The day after the Germans launched Operation Barbarossa (their invasion of Russia), Russian dictator Joseph Stalin launched something of his own.
It didn’t involve a massive counterattack or armies or artillery or aircraft, which is pretty obvious because those things were busy being smashed to bits by the Wehrmacht’s three massive army groups, assisted by the Luftwaffe’s plethora of planes. Stavka was a political-military war command that was designed “to effect the most centralised and flexible command of the Armed Forces in the conditions of the war which had just begun.” It was peopled by the most capable Soviet military minds of the time (and the best available men still above ground after Stalin’s late-1930s purges).
And as June of 1941 rolled into October, that organization of “centralised command” had been reorganized twice and had witnessed the Germans roll over the western steppes of its homeland much like room-temperature butter is spread over hot toast. The one constant was Joseph Stalin’s presence at the top.
This brutal no-holds-barred war, which halted for a bit after the Germans captured Smolensk in early August, had fired up again as Hitler’s minions launched Operation Typhoon (the final push to Moscow, which we’ll discuss sometime), on October 2nd.
Little more than 100 miles west of the capital, the Germans were working their encirclement magic on the city of Vyaz’ma. Lt. Gen. Konstantin Rokossovskiy was ordered to drop everything, turn over his command, pack up his staff, and make straight for Vyaz’ma, where five infantry divisions would be waiting for his counterattack orders. When he arrived, not only were there not five divisions, there weren’t any…except the Third and Fourth German Panzer divisions, which proceeded to complete the encirclement the next day. Rokossovskiy barely escaped.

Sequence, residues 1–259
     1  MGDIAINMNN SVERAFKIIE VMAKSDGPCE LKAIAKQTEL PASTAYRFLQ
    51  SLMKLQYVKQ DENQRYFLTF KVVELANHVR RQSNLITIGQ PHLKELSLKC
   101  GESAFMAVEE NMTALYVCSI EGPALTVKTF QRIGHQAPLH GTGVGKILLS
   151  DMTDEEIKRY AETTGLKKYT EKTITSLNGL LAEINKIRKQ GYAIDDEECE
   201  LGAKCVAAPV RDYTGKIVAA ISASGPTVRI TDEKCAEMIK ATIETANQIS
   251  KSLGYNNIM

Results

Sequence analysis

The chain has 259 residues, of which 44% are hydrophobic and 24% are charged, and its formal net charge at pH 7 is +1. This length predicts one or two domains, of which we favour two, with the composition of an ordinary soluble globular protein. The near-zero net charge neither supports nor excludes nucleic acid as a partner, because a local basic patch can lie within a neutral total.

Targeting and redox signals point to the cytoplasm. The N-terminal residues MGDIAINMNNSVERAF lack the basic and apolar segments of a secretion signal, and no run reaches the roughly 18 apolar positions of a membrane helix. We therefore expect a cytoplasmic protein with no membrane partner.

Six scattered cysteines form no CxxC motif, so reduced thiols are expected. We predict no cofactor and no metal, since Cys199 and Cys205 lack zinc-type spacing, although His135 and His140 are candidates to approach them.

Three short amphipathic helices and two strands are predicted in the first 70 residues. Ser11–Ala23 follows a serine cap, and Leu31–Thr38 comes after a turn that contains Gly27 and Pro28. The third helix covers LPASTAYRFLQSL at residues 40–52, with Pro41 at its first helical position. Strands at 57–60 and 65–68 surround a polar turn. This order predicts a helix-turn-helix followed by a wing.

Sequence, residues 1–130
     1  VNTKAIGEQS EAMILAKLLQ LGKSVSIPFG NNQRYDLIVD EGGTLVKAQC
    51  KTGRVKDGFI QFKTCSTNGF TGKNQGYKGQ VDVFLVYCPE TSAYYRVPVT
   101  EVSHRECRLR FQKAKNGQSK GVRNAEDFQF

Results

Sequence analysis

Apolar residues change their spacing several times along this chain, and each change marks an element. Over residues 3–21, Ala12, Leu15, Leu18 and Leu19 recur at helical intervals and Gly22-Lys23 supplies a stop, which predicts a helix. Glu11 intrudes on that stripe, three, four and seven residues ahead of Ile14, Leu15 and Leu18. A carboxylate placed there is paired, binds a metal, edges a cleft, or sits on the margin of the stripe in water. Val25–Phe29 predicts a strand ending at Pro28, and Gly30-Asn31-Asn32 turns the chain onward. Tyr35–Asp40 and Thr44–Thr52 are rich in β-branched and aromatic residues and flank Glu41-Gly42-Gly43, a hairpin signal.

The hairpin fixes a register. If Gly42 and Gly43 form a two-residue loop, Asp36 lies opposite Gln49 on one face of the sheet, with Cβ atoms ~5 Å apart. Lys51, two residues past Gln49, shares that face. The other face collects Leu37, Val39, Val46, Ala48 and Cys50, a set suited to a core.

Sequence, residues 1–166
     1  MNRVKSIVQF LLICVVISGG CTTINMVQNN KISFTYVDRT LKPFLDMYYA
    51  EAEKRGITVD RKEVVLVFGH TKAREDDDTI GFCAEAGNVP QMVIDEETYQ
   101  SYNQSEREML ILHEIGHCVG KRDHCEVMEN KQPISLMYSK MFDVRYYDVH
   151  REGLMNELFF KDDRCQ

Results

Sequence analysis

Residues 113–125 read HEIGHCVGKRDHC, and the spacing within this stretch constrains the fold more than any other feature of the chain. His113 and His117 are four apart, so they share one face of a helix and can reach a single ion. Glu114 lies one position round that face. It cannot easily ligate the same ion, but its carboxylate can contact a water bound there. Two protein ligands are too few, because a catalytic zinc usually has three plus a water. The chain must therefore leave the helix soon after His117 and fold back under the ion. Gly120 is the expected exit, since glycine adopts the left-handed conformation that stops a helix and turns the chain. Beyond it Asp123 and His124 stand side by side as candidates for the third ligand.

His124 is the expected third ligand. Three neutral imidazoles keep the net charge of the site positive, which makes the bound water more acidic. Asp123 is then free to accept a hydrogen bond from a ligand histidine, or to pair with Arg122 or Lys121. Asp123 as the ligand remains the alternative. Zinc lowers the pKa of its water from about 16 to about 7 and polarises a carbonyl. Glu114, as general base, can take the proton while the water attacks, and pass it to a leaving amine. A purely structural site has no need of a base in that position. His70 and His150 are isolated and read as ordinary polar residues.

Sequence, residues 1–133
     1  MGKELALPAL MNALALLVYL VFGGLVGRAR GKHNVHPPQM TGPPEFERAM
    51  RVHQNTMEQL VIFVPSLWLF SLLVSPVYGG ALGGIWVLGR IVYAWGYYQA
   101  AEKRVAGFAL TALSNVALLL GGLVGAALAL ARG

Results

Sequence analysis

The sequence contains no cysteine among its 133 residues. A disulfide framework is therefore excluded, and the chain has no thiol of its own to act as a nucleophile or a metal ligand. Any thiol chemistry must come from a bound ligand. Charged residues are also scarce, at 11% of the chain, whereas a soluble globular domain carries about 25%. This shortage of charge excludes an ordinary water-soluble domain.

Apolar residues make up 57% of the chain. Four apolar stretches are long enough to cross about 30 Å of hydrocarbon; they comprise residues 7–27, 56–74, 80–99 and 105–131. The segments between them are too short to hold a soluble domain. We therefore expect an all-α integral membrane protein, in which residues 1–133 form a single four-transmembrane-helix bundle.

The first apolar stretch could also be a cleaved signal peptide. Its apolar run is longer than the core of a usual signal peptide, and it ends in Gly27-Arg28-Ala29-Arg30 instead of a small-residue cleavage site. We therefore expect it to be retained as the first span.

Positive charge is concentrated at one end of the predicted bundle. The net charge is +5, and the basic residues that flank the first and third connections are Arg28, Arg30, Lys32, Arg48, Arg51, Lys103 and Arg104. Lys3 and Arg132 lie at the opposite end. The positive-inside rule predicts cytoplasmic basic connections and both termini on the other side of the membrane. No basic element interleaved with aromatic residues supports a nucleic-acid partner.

Straight south (and further from Moscow), Bryansk was having a similar experience.
And now, on October 8, 1941, there was much to report to Stavka. Much of the report was bad news.
Of course, there were the Vyaz’ma and Bryansk pockets. Rokossivskiy’s Sixteenth Army?…the one he was ordered to leave behind?…it was in the process of being encircled as well. And further south, Mariupol, a large port on the Sea of Azov, had fallen to the Germans. As Marshal Georgiy Zhukov called the meeting of Stavka that morning gave the news, he said “almost all routes to Moscow are open.” Stalin, Stavka, the capital, and the Soviet Union were in serious trouble.
If there was any good news for the day, it was the weather forecast. The autumn rains had arrived, which would hopefully serve to slow the rapid German advance. But that was pretty much it. The Germans were once again looking unassailable…and the Russians pretty vulnerable.
Recommended Reading: Absolute War